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compression style crimpers coupled with seamless connectors and some weatherproof heat shrink is the hot ticket and provides an indestructible mechanical connection. the crimp is basically cold welded and the longevity of the connection is never in question. Solder yields an extremely poor mechanical connection, especially in the automotive/marine environment. soldering also makes flexible wire solid, which makes it more prone to vibration-based damage, something that should be a main concern in an automotive environment.

a properly crimped metal to metal bond is air tight and good enough to never corrode where it matters leaving no chance for increased resistance over time. any corrosion to the outside non conducting area of the cable is a good thing since it forms a layer of protection for the wire (this is the reason why copper is used on paint for the bottom of ships and why your copper water pipes don't waste away). there is a reason that orgainizations such as at&t, the DoD (dept of defense), the FAA and the SAE (society of automotive engineers) as well as UL all only endorse using crimped connections. if you sell to, manufacture for, do repair under their jurisdiction, or seek their underwriting approval you forbidden from soldering flexible wires in a crimp terminal.

when done properly a crimp connection will always outperform a soldered connection. period.
 

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We're talking this application with commonly available fittings like what was included with his wiring kit and as I already stated the crimp would provide the mechanical strength while the soldering will help keep a better electrical connection in this environment when using these specific terminals. The connection between a large gauge stranded copper wire with one of these common ring terminals where the crimp is usually done with a pair of pliers or at best a $10 wire stripper/crimper combo is not going to be air tight even with a good sealing heat shrink tube and the strands very well could oxidize over time.

If someone wants to invest in better terminals and a proper crimper it would be well worth it. For those that don't I personally wouldn't be too comfortable with a so-so crimp on an open-ended terminal over time which is why I recommend filling in the end with solder (and not wicking it back under the insulation, which if you're concerned with vibration and mechanical wear breaking strands is probably still going to occur due to the wire not being properly supported when leaving this terminal).
 

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We're talking this application with commonly available fittings like what was included with his wiring kit and as I already stated the crimp would provide the mechanical strength while the soldering will help keep a better electrical connection in this environment when using these specific terminals. The connection between a large gauge stranded copper wire with one of these common ring terminals where the crimp is usually done with a pair of pliers or at best a $10 wire stripper/crimper combo is not going to be air tight even with a good sealing heat shrink tube and the strands very well could oxidize over time.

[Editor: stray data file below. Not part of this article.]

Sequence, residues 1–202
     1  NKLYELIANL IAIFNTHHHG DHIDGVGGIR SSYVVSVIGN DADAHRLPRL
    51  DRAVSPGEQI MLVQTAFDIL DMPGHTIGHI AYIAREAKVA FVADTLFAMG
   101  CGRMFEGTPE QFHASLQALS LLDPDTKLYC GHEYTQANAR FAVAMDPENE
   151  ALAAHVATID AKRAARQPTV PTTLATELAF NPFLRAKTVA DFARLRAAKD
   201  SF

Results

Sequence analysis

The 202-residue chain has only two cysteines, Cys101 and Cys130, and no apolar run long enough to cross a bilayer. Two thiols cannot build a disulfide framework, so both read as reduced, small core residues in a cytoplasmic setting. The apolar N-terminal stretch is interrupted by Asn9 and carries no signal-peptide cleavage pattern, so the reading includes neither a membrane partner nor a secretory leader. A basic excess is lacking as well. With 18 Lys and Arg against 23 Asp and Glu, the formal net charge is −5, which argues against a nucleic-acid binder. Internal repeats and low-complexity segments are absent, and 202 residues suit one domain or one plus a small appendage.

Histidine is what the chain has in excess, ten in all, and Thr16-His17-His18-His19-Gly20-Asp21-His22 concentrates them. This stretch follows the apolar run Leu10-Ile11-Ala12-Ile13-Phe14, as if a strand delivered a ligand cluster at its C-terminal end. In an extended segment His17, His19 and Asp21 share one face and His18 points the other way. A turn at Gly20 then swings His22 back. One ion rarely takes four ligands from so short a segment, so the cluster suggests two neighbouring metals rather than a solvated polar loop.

If someone wants to invest in better terminals and a proper crimper it would be well worth it. For those that don't I personally wouldn't be too comfortable with a so-so crimp on an open-ended terminal over time which is why I recommend filling in the end with solder (and not wicking it back under the insulation, which if you're concerned with vibration and mechanical wear breaking strands is probably still going to occur due to the wire not being properly supported when leaving this terminal).


for under $10 you can get the crimper i listed above and do anything from 8g to 2/0g. solder is actually a very poor conductor of electricity and very brittle mate.
 

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A battery lug or industrial type crimper? With a serrated/grooved internal surface on the terminal and that type of crimper I'd normally prefer to use multi-stranded wire with thicker gauge individual strands like what's normally specified for battery/starter/ground use rather than the type of audio power wire used in that kit but it would still work reasonably well.